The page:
2010 Moto Guzzi V7 Café Classic

10 Days with the latest retro motorcycle from Moto Guzzi
By Motorcycle Classics editors
September/October 2010

A bevy of stickers adorn the lovely fuel tank (one each at the front and rear and another above each cylinder head), just begging to be removed. The engine is much quieter than Guzzis of yore, but like all transverse-mounted Guzzi V-twins it displays a decided left-to-right twist when revving it at a stop.
Photo by Motorcycle Classics staff
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2010 Moto Guzzi V7 Café Classic
First introduced: 2009
Claimed power: 49hp @ 6,800rpm
Top speed: 115mph (as tested)
Engine type: 744cc OHV air-cooled 90-degree V-twin
Weight (dry): 400lb (182kg)
Price: $8,990
MPG: 47mpg (avg.)

Around here, we spend enough time riding, working on and living with old motorcycles that we often forget what it’s like to ride new motorcycles. For the Classic Experience, we normally give readers an inside look at what it’s like to ride and live with old bikes.

But not this time. Instead, we thought it’d be fun to change things up a bit and share what it’s like to ride and live with a new, vintage-styled retro motorcycle, in this case the 2010 Moto Guzzi 7 Café Classic.

Our 2010 Moto Guzzi V7 Café Classic was delivered to the MC offices by John van Dam who operates a motorcycle shipping company called Van Dam Trucking (www.vandamtrucking.com). With fewer than 700 miles showing on the clock, it was definitely one of the newest bikes we’ve ever sampled, and as soon as John got it off the truck, all of the motorcycle-riding staff here took it for a quick spin around the block.

First impressions were highly favorable, and we all agreed the styling of the V7 Café Classic works even better in person than it does in photos. The bike’s balanced proportions and tastefully distributed chrome details work well with its weird/awesome “Solaris Green” paint, a flat-ish hue reminiscent of the green used on the original V7 Sport in 1971.

Chrome clip-ons (faithfully duplicating the original V7 Sport’s “swan neck” handlebars) and mirrors give the bike a low and purposeful look, and the bum-stop café-style seat fits the bill perfectly. Chrome spoked rims and upswept mufflers enforce the bike’s classic presence. It may be a new bike, but its simplicity and retro dressing make it feel familiar in the best possible way.

Remember when 750cc was big?
Getting familiar with our new ride, one of the first things we noticed was how lithe and light the Café seemed.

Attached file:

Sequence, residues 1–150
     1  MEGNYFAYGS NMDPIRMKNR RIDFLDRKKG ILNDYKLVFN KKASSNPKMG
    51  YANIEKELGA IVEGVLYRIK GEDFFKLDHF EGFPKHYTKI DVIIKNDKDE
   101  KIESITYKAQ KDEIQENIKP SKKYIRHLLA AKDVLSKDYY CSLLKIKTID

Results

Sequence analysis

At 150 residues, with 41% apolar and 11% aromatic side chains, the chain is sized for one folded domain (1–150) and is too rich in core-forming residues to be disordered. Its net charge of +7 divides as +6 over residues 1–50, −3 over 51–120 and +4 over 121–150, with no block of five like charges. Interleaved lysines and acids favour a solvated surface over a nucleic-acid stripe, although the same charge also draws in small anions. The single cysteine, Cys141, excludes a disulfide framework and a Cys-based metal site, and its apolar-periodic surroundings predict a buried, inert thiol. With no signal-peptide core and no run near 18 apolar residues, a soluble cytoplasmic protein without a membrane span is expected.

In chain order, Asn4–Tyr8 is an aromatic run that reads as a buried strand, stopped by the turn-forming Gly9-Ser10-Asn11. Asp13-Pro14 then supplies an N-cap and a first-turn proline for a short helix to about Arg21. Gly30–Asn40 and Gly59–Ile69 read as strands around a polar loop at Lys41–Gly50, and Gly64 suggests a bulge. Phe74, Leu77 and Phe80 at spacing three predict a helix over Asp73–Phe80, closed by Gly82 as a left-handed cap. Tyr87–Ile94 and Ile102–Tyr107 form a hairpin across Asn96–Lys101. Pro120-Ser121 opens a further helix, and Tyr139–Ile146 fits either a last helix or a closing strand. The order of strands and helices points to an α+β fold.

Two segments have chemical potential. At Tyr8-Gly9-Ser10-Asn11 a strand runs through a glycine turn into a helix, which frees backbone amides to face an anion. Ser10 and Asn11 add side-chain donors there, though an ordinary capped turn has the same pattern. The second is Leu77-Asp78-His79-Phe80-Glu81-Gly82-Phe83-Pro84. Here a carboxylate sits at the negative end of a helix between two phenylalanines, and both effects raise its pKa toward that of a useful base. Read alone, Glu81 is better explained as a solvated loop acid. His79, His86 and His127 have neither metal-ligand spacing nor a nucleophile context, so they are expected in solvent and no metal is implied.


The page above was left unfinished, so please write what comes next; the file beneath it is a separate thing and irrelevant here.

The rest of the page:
Though many of us around here get in ample riding time on larger touring bikes, there’s a pretty good collection of old-school standards in the parking lot on any given day, from editor Hall’s 1973 Yamaha TX650 to ad man Bob Legault’s 1984 Honda CB700 Nighthawk. Even so, the Café still felt lighter and shorter than many of them.

At roughly 450 pounds wet, the Moto Guzzi weighs almost the same as the 1973 BMW R75/5 Hall’s been kicking around on recently, yet it feels significantly smaller. That “small” feeling is due in part to the V7 Café Classic's slightly lower seat height than the BMW’s (31.6 inches versus 33.4 inches; almost 2 inches shorter).

Further, the shape of its gas tank (a dead ringer for the unit used on the original 1971 V7 Sport, it’s thinner at the top and rear and wider at the front with a noticeable bump-out at the bottom) combined with its low bars encourage a forward-leaning riding position that contributes to a compact, low center-of-gravity feeling. It’s decidedly old-school, and made us feel right at home.
The gorgeous clip-on bars mount below the top triple-clamp, but their “swan neck” upward reach puts them at the perfect height for us; they’re not only comfortable, they look great, too. Though the bars aren’t adjustable for up/down angle, they are adjustable front to back. We left them in their stock setting, which we found to be quite nice.

The seat feels cushy and supportive at first, but doesn’t encourage long saddle time; we found it’s good for about two hours before things start to go numb. Unlike some café-style bikes where you have to reach back with your feet to find the pegs, the ones on the V7 Café Classic are comfortably low and forward, nicely balanced to the stretch to the handlebars.

Up and running
With a twist of the choke (actually an enrichner for the electronic fuel injection) and a push of the starter button on the right hand switchgear, the twin fires to a slow idle. A bit of throttle helps keep it chugging along as it warms, as the 2-valve twin is a bit cold-blooded even in 70-degree temps. Once warm, it only takes a light push on the shifter after pulling in the low-effort clutch to engage first gear, and with just a little throttle to bring the engine up to speed you’re feeding in the clutch and pulling away. No fuss, no drama, just a nice smooth take off.